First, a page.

- The CEO attends reception at colleague’s home in Sagaponack
- Mini Reubens served as host Scherr touts stem cell research
As Lloyd Blankfein huddled with David Solomon and Stephen Scherr at Scherr’s home in Sagaponack, it seemed there was a Goldman Sachs dress code in effect. Both Blankfein and Solomon wore white polos (Blankfein’s even had Goldman Sachs lettering on the sleeve) and navy pants. This made Scherr, in a long sleeve shirt and khakis, the odd man out, but he was forgiven.
“He’s terrific: smart, good sense of humor, upbeat,” Blankfein said.
The colleagues don’t hang out much in the Hamptons, according to the boss. “When you’re that close to somebody five days a week, you don’t look to spend your off time with him,” Chief Executive Officer Blankfein said of Scherr, who in May became CEO of Goldman Sachs Bank.
Golf and science were the main topics of conversation at this gathering, which Scherr and his wife, Susan, hosted on behalf of the New York Stem Cell Foundation.
“This is a social thing, and everybody’s happy,” Blankfein said at the Friday event. On Tuesday the company posted a 74 percent increase in second-quarter profit.
Scherr joined the New York Stem Cell Foundation’s board recently after following the organization for years through his wife’s brother, Jeff Wallerstein, the nonprofit’s chief financial officer.
“The science isn’t focused on any particular disease,” Scherr said as he welcomed guests. “It’s really to enable scientists across a range of disciplines to make a big difference in finding the solution to a number of different diseases.”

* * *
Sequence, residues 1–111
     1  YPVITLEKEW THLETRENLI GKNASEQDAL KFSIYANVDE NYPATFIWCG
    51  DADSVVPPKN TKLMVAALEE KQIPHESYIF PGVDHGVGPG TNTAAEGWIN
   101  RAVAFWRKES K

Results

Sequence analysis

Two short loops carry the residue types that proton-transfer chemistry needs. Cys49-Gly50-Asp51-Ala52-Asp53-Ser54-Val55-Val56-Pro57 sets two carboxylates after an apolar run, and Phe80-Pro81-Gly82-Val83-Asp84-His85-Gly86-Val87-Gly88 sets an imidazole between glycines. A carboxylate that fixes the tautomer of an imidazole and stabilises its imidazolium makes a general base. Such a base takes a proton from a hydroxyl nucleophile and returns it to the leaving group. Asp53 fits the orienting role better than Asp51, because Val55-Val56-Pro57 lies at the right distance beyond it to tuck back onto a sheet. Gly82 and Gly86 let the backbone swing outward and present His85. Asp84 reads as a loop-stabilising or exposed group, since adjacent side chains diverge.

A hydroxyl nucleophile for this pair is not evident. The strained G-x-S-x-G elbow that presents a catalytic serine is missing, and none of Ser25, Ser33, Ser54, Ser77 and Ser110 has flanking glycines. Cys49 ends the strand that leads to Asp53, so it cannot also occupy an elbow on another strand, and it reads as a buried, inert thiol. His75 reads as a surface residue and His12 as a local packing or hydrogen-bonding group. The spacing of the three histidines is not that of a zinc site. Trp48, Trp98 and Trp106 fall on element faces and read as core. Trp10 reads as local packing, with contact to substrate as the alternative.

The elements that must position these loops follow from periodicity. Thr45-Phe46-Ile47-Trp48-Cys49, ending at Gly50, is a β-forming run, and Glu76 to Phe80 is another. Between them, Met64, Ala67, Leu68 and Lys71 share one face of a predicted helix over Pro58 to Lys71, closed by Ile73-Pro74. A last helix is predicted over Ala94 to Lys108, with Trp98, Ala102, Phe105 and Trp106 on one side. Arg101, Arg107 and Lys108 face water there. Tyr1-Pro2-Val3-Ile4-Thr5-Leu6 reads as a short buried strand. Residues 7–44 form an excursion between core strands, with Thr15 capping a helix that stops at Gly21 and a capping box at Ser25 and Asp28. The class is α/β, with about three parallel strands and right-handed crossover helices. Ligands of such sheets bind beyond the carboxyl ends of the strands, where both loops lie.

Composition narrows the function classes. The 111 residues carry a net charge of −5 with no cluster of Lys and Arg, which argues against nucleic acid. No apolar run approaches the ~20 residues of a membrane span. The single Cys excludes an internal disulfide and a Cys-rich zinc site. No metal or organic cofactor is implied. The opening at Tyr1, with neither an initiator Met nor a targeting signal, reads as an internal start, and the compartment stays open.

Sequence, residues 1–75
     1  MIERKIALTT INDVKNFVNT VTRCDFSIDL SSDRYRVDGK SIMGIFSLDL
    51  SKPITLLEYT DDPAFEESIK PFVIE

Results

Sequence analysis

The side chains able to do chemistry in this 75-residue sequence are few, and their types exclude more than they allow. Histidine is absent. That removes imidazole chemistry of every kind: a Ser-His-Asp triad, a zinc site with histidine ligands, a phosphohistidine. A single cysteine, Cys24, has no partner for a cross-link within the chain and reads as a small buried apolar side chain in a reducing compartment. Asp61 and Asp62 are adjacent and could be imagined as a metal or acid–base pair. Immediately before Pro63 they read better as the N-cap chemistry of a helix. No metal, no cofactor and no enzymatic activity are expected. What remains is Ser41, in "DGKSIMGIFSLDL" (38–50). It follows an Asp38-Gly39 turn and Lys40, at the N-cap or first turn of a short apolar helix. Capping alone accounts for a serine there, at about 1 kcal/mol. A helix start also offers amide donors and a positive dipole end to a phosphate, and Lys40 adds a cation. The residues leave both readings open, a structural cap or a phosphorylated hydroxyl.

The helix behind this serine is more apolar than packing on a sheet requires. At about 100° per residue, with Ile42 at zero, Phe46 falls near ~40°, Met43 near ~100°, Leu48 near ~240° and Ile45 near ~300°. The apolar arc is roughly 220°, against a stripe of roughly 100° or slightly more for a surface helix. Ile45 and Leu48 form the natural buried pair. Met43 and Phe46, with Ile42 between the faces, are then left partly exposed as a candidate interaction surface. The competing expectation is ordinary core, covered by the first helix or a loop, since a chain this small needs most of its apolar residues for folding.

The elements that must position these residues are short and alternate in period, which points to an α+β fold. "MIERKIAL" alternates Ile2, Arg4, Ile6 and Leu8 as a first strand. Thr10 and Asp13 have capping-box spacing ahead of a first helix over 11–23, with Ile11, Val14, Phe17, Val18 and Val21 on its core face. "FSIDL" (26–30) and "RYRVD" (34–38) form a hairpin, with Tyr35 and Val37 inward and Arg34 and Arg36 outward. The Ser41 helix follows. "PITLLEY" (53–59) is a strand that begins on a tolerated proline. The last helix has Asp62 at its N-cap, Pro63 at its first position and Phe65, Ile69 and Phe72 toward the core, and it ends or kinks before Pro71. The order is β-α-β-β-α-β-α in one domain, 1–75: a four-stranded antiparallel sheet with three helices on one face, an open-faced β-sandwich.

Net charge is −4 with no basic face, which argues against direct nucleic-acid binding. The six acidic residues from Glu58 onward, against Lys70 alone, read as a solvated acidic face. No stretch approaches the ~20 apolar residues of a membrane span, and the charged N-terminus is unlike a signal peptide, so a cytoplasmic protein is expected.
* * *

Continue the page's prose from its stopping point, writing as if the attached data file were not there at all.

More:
The NYSCF Institute has its own full-time researchers moving into expanded laboratory space in January. The foundation’s science fair and gala will be Oct. 20 at Jazz at Lincoln Center in New York.
“Our work is limited only by the imagination of our scientists and our funding,” said Susan Solomon, NYSCF’s CEO and founder. “We’re really close, we are seeing the promise of years of infrastructure turning into treatments and cures.”
Roy Geronemus, founding chairman of NYSCF (and a college classmate of Blankfein’s), said the private funding model brings speed. “I think big pharma will be knocking on our door, and they already are.”
Scherr, who grew up in Huntington on Long Island listening to rock radio station WBAB, took a mini Reuben sandwich from a waiter’s tray as he watched guests stroll down the lawn to the sunken tennis court. In the pool house bathroom, the message on the hand towels summed up the scene: “Life is Better at the Beach.”